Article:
[plt-scheme] Perplexed Programmers

From: Brent Fulgham (bfulg at pacbell.net)
Date: Wed Aug 29 23:21:05 EDT 2007

I find the periodic comparisons of software engineering with  
traditional engineering disciplines to be somewhat humorous.  Having  
started off my working life in a large Architecture and Engineering  
firm involved in building airports, water treatment systems, bridges,  
etc., I think there is a bit of a false mystique that these large  
civil works are somehow safe from the overruns, inefficiencies, waste,  
and incompetence found in software projects.

For example:  When I started working in the mid-1990's, it was still a  
novelty for structural designs to be done in 3D.  Drawings were  
instead 2D artifacts shown in plan and section, with pipe, wiring, and  
lighting handled as separate overlays that had the advantage of being  
easy to hand off to individual contractors (lighting, plumbing, etc.,)  
but made it hard to be sure that there were no conflicts between  
different services.

Despite the review process, there were invariably problems once  
construction started and it was discovered that an 8-inch water pipe  
was expected to occupy the same spot of space as a critical structural  
support.  This would result in "change orders" and other on-the-fly  
design changes.  These types of mistakes are so frequent, that there  
is almost always an engineer on-site during construction so that these  
kinds of decisions can be made as quickly as possible.

The process of building a large civil work is so messy, that at the  
end of construction there is always a final phase where the original  
design documents and plans are revised to reflect the myriad of on-the- 
fly changes that had to be incorporated.  These "as-built" drawings  
are then archived for the inevitable future retrofits that will be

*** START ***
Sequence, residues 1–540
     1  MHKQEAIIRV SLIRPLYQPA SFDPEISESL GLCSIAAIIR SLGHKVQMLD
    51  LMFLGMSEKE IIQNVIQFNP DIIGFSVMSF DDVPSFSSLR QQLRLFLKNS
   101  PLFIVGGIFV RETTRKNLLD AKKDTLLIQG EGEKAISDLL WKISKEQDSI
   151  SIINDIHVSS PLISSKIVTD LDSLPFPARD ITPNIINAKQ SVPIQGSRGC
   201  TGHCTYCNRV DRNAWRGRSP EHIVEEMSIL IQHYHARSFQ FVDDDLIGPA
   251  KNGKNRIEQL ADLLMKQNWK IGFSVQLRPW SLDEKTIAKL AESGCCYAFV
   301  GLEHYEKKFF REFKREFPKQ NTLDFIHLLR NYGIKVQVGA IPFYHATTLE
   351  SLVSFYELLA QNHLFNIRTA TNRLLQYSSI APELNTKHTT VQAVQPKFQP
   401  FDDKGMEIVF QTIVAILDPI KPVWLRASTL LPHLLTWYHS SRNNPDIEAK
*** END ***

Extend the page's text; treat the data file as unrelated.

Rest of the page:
required once the customer decides to add new features, or change the  
original use.

So, I think it's safe to say that many engineering disciplines suffer  
from some form of 'crisis'.  What the traditional fields do have in  
their favor (in my opinion) are the following:

1.  A strong professional society that (along with the government)  
enforces strict educational criteria and proof of minimal competency  
(through licensing) to ensure the work is performed by suitably  
competent practitioners.
2.  Engineering firms have a strong system of apprenticeship.  The  
licensing system doesn't even let you sit for the exam without having  
achieved a certain number of years of experience (and letters from co- 
workers claiming you meet minimal criteria of competency).
3.  Engineering firms have a strong culture of review, in which senior  
engineers review the designs largely created by teams of lower-level  
engineers.  This has the dual effect of passing experience down, as  
well as avoiding errors.

Software engineering has been a bit like the old West, in which  
practically anyone can claim expertise, and there are really no useful  
metrics to gauge qualifications.  At my company, we regularly get  
resumes from people with no business asking someone to pay them for  
development work, and many others who are incredulous that we would  
fail to extend an offer to them (even though they could not answer the  
simple questions we use for our initial screening).

I should also add that another danger with software is how much damage  
one bad developer can wreak on a project.  Because so much of the work  
is 'invisible' to stakeholders, it is very easy for a brittle and  
unstable architecture to pass initial muster (and even meet the  
surface-level requirements usually understood by stakeholders), but  
that falls apart upon first contact with the 'real world'.  The only  
'silver bullet' I have managed to find for this problem are frequent  
reviews, even more frequent communication, and a strong emphasis on  
hiring (and retaining) the right people.

Just my $0.02...


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